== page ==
When Fannie, Freddie Fold Who Steps Into the US Mortgage Market

Analysts and financial experts are reviewing the options open to the US housing market if the reliance on the influence of Fannie Mae and Freddie Mac was diluted to enable other financial players to enter the market place

US Mortgage Market

This is a big ask, that is complex and could be fraught with both implementation problems but could also create new issues downstream

US Treasury Secretary  Timothy Geithner in Business Week has proposed – quote – Treasury Secretary Timothy Geithner and Housing and Urban Development Secretary Shaun Donovan on Feb. 11 offered three options for shrinking Fannie Mae (FNMA) and Freddie Mac (FMCC), the bailed-out housing finance companies that own or guarantee more than half the nation’s mortgage debt. By gradually reducing the dominant positions of Fannie and Freddie, the officials hope to coax private financial firms and bond traders to take on more of the U.S. mortgage market’s risk and revive the secondary market for home loans. One government misstep, and a shortage of home loan money could send loan costs soaring and home prices tumbling. “We want to be careful that the process happens in a way that doesn’t interfere with or impede the process of repair in the housing market,” Geithner said.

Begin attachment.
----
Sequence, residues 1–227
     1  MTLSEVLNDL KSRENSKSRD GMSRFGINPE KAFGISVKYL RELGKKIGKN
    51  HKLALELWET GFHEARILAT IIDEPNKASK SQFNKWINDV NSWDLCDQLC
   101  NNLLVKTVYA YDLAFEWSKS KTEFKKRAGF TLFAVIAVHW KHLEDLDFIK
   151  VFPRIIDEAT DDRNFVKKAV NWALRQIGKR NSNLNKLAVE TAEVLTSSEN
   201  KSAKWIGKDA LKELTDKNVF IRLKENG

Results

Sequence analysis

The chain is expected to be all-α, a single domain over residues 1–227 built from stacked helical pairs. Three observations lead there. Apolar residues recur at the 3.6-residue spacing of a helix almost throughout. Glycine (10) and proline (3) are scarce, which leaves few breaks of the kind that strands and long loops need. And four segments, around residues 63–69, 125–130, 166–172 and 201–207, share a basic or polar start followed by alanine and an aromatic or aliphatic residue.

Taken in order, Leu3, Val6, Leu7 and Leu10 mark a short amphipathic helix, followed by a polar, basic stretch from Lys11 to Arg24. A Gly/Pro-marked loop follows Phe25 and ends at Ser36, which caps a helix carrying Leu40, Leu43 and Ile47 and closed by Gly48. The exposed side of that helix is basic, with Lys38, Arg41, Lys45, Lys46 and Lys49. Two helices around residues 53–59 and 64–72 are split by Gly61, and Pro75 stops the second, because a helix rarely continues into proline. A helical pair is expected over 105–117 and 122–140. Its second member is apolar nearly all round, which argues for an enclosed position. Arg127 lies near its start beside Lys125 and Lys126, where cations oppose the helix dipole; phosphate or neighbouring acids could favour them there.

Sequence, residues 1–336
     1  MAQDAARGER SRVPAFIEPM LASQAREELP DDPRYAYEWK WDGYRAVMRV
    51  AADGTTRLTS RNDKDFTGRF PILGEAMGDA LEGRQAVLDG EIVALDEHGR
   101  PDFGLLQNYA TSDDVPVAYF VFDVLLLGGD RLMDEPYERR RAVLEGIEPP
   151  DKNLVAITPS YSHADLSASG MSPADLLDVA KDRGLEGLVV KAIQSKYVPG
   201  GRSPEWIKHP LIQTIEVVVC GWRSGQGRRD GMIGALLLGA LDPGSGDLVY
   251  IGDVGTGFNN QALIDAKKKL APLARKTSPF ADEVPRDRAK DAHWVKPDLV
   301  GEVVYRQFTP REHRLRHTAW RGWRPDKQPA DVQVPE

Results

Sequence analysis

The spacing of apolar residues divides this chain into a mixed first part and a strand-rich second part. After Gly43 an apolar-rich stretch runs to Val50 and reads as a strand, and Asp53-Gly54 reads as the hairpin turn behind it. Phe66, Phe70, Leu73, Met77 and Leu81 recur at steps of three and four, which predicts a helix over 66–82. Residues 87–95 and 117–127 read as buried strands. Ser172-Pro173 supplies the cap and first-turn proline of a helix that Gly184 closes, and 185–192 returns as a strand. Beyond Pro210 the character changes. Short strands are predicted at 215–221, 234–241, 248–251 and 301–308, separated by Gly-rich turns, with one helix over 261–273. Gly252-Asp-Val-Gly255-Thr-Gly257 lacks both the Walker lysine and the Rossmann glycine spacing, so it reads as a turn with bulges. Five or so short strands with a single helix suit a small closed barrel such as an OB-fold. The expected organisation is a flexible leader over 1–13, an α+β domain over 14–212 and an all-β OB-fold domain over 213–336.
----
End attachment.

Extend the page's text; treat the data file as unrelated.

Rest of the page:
The first option laid out by the Administration would limit government backing to loans for narrowly targeted groups of borrowers such as lower-income families, veterans, and rural residents. This option is likely to push up interest rates and make the traditional 30-year fixed-rate mortgage hard to obtain, the report said. The second option would build on the first by adding an emergency government backstop that would ramp up in times of financial crisis. The third imagines the biggest government role through a reinsurance program for a broad class of mortgage-backed bonds in which the U.S. would come to the rescue if a primary insurer failed.

‘This all sounds right – but given the track record of  Timothy Geithner what confidence will the astute US Joe Public have in these proposals!’

Full article here

http://www.businessweek.com/magazine/content/11_09/b4217032077385.htm

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